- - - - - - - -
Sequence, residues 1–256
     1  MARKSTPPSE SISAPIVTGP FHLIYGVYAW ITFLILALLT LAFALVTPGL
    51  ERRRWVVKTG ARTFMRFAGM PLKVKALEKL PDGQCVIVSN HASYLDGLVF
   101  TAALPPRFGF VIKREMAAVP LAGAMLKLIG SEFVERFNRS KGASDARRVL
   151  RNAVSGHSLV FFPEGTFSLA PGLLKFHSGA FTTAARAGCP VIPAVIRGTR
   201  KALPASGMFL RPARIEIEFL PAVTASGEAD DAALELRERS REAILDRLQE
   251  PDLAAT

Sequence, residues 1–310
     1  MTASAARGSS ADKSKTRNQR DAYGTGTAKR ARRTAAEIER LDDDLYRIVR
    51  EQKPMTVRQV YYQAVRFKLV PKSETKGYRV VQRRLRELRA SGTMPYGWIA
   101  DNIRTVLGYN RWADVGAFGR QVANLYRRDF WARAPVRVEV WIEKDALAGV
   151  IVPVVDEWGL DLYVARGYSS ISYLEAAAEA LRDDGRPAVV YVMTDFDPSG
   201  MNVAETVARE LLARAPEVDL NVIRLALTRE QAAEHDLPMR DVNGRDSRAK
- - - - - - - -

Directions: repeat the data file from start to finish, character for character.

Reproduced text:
Sequence, residues 1–256
     1  MARKSTPPSE SISAPIVTGP FHLIYGVYAW ITFLILALLT LAFALVTPGL
    51  ERRRWVVKTG ARTFMRFAGM PLKVKALEKL PDGQCVIVSN HASYLDGLVF
   101  TAALPPRFGF VIKREMAAVP LAGAMLKLIG SEFVERFNRS KGASDARRVL
   151  RNAVSGHSLV FFPEGTFSLA PGLLKFHSGA FTTAARAGCP VIPAVIRGTR
   201  KALPASGMFL RPARIEIEFL PAVTASGEAD DAALELRERS REAILDRLQE
   251  PDLAAT

Sequence, residues 1–310
     1  MTASAARGSS ADKSKTRNQR DAYGTGTAKR ARRTAAEIER LDDDLYRIVR
    51  EQKPMTVRQV YYQAVRFKLV PKSETKGYRV VQRRLRELRA SGTMPYGWIA
   101  DNIRTVLGYN RWADVGAFGR QVANLYRRDF WARAPVRVEV WIEKDALAGV
   151  IVPVVDEWGL DLYVARGYSS ISYLEAAAEA LRDDGRPAVV YVMTDFDPSG
   201  MNVAETVARE LLARAPEVDL NVIRLALTRE QAAEHDLPMR DVNGRDSRAK